We finally found out more about why Jack gave up her biological daughter Faith, who recently came back into her life.
School was a part of all three storylines on NCIS Season 17 Episode 18.
It was mostly tangential to Jack's storyline, though.
Faith put Jack in a corner without really meaning to.
Fortunately, Faith's interest in Jack's medical history had nothing to do with her needing an organ of some type.
Instead, she and her fiance were trying to have a baby but were running into complications.
Hence Jack's medical history. But now, to make things stickier, Faith needed to know who her father was so she could get his medical history as well.
Faith couldn't have known that she was asking for information about which only Vance knew.
Everyone recognized, however, that something was bothering Jack.
Gibbs, of course, couldn't be bothered with respecting privacy. He's just a linear kind of guy.
So he confronted Jack, just his direct way of getting to the truth.
And because she knew there's no way around Gibbs, she spilled everything about how a friend raped her on one drunken night during college, resulting in Faith.
Gibbs' immediate reaction was to go after him, but he respected her wishes not to do that.
Based on gossip from Torres, McGee and Bishop concluded that Gibbs and Jack had ended their nonexistent relationship.
Jack instead visited her rapist and commanded that he give Faith the information she needed then forget he ever met her.
Faith saw through his subterfuge and finally understood why Jack gave her up for adoption, hoping that her new parents would give her a better life than she could have at that point.
It was appropriate that the series used Jack's pain as a teachable moment, complete with a PSA on sexual violence at the end.
Now that Jack has dealt somewhat with this trauma from her past, and now that Faith knows the truth, maybe Gibbs and Jack might have a future together.
Plus adding to Jack's back story is always a good thing to do.
The case of the week ended up being set at one of those for-profit colleges that keep popping up.
Aspire University. Why would anyone trust a school that sounds like a fragrance name?
Once again, if a place sounds too good to be true, it probably is.
It turned out that that went for the victim as well. He seemed like an all-around good guy but was also a hacker with an international reputation.
Talk about your expanding suspect pool, with all the victims Whistler had ripped off.
About the only two in the clear were his wife, who covered up his crimes, and his young daughter. His stealing to pay his daughter's medical bills seemed somewhat legitimate, or at least understandable.
Something about Aspire stunk from the beginning, including the dean pitching the place like, well, a used-car salesman, coming on far too strong for an academic.
The student who shared a computer with Whistler appeared equally shady. If she knew he was a hacker who was breaking into the school's financial records, why didn't she tell someone before NCIS showed up?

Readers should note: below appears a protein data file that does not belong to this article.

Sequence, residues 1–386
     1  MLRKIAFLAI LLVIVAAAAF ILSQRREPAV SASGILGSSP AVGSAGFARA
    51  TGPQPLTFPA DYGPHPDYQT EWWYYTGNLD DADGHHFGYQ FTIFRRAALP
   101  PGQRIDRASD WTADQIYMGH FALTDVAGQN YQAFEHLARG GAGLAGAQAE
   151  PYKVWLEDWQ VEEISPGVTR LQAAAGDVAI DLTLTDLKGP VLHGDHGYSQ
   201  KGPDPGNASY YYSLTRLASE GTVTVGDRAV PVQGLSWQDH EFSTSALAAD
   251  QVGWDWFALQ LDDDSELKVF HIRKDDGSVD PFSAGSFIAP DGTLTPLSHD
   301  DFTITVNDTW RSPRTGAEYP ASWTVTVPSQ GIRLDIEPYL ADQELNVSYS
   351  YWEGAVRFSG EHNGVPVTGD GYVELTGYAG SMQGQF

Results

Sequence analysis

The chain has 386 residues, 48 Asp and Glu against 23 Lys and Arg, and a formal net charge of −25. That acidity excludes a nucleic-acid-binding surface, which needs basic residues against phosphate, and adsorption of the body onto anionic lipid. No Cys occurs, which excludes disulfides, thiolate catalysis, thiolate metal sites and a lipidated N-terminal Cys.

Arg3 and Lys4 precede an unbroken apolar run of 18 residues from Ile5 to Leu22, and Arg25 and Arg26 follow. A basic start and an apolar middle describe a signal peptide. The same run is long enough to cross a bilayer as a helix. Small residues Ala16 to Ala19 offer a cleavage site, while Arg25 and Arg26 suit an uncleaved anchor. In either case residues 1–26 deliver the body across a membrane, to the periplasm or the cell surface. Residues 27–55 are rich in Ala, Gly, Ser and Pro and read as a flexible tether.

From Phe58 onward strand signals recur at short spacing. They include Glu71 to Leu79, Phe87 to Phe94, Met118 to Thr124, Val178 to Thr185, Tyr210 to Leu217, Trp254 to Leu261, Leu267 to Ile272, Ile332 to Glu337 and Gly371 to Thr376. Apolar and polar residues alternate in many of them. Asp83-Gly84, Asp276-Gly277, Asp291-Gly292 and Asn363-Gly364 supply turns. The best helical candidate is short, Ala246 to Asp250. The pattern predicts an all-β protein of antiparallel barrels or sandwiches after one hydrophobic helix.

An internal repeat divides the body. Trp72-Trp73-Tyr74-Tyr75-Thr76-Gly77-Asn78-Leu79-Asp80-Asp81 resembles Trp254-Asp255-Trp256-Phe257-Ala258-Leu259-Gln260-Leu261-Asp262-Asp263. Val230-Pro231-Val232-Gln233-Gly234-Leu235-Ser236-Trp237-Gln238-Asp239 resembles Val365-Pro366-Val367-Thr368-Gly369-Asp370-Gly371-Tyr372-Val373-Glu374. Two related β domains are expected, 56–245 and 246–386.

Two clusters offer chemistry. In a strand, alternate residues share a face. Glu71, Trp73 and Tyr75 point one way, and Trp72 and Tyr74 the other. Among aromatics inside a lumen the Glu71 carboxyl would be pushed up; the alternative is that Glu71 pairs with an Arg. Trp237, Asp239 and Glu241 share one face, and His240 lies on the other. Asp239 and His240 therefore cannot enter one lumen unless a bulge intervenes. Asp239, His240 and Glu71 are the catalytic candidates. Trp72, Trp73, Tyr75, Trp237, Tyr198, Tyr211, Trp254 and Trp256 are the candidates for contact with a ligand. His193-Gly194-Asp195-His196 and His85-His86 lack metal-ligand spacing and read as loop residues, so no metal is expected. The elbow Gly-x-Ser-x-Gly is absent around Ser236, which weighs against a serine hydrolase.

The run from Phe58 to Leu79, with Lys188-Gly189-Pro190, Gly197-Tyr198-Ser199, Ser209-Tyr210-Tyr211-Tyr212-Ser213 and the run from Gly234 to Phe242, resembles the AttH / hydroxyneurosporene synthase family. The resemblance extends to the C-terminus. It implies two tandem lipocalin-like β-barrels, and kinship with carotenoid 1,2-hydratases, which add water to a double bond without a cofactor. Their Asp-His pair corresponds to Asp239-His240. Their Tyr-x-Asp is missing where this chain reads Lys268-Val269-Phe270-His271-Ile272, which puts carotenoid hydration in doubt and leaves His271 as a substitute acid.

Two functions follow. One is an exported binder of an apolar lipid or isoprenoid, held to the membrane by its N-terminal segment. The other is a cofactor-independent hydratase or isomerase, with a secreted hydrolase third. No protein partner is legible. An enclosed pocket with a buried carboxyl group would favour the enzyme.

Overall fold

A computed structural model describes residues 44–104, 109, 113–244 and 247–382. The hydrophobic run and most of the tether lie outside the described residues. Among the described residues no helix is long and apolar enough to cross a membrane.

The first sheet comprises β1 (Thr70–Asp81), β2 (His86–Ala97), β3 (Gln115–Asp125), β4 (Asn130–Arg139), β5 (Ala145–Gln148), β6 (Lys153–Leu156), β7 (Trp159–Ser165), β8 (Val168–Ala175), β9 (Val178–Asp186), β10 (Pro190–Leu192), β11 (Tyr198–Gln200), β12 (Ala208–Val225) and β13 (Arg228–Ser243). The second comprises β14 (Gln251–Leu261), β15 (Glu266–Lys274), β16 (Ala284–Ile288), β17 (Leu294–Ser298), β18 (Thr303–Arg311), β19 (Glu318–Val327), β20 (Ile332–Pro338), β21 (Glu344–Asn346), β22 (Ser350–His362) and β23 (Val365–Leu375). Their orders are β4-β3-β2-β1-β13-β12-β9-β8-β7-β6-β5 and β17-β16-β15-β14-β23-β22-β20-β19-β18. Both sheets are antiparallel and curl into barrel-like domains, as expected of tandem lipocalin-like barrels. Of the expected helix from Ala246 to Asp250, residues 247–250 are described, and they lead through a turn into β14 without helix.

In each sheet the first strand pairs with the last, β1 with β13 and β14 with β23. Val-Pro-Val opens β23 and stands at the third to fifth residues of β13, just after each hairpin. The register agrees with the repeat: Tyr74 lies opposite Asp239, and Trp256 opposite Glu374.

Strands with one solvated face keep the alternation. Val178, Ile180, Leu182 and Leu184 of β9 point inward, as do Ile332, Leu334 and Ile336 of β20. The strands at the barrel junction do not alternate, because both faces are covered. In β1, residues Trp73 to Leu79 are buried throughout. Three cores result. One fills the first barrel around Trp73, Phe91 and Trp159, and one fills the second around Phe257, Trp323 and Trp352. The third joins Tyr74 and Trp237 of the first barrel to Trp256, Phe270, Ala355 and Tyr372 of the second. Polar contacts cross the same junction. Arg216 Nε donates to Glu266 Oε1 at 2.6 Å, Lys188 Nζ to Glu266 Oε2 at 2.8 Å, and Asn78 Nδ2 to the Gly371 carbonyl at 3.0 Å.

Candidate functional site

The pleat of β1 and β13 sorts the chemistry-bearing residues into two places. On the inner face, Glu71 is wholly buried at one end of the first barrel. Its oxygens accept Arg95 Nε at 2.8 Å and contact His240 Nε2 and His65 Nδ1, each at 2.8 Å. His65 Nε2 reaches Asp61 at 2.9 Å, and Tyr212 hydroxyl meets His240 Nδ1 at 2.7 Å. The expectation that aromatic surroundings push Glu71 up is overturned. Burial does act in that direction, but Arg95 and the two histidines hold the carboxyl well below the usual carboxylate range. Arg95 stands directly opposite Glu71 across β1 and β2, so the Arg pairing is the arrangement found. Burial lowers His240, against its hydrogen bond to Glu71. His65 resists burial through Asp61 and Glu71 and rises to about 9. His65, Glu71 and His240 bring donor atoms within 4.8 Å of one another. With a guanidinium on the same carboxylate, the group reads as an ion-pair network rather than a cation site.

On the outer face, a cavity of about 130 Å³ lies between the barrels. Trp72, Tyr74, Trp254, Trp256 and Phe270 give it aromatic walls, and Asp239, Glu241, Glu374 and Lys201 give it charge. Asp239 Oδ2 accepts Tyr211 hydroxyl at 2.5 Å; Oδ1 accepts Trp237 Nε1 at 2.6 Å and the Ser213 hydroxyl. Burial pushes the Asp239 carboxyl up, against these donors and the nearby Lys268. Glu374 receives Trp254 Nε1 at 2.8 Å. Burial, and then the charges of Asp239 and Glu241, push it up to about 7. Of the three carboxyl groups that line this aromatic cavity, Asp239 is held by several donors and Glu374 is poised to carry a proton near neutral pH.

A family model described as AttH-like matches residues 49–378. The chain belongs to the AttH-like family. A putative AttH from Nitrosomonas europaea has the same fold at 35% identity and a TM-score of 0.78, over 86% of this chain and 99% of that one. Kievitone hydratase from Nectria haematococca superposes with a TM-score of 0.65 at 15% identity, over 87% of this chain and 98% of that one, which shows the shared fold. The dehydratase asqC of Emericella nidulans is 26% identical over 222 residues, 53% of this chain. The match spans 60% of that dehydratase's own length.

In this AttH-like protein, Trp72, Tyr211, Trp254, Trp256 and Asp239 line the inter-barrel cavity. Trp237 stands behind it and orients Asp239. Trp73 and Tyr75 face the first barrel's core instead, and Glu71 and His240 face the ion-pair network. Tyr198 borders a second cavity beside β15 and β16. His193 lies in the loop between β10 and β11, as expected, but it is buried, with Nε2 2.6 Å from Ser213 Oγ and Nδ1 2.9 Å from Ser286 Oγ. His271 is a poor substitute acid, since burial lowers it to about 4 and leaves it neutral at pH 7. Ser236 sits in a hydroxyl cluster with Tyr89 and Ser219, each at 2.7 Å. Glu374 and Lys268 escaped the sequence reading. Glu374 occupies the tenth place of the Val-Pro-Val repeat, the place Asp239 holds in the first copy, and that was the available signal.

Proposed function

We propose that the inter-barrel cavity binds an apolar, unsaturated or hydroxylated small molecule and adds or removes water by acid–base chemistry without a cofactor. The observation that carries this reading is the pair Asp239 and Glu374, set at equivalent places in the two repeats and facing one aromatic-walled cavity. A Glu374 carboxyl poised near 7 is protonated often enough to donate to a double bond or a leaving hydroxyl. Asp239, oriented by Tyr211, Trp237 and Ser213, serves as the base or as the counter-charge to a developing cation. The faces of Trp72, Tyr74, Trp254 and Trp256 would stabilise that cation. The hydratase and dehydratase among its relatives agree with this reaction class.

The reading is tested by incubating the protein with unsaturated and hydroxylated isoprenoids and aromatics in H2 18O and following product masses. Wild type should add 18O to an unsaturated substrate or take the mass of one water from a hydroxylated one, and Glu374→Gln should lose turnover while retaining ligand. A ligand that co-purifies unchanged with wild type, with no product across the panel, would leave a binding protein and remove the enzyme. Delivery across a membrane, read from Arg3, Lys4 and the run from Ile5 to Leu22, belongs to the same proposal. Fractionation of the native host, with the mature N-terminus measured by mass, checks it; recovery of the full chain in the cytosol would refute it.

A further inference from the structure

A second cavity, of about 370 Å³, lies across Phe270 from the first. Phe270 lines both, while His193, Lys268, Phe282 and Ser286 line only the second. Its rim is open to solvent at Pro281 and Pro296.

His best friend and former partner, who had stabbed him for cleaning out their offshore account, sure seemed like a sure thing as the murderer except he had, as Torres put in, "the world's most pathetic alibi," an out-of-state laser-tag tournament.
As things unraveled, it became apparent that Whistler was neither as good nor as bad as advertised, stealing from some to help others. His decision to blackmail a con man was what ultimately got him killed, however.
We should have gone with the Elementary formula of selecting the least likely suspect, who had been dismissed early on. The stoner in the computer lab was, in fact, the brains behind the scam school and the murderer.
The final storyline focused on McGee choosing to blow off his 20th college reunion.
McGee came up with all kinds of the excuses, such as the timing not being right and that Delilah wouldn't be comfortable there.
But Torres got the truth out of him. McGee graduated from Johns Hopkins, a very prestigious university, with a degree in biomedical engineering.
His classmates became innovators and CEOs of their own companies while he became a lowly cop.
Wait, don't forget author with a cult following, thanks to his Deep Six mysteries, in part based on his adventures with NCIS.
At least he knew enough to leave the tap-dancing behind.
Torres got him to see things more clearly, pointing out how he's helped to take down the rich and the powerful through the years.
He's also risen to a position of authority as senior field agent at NCIS.
So McGee had nothing to be ashamed of and decided to attend the reunion.
You would think someone with all those smarts and all those devices could keep his calendars straight. But no. McGee missed the reunion as a result.
But at least McGee got something of a handle on his inferiority complex.
To following the histories of Jack and McGee, watch NCIS online.
Did Jack handle Faith's request well?
Was Whistler a good guy or a bad guy?
Was McGee wrong about his accomplishments?
Dale McGarrigle is a staff writer for TV Fanatic. Follow him on Twitter.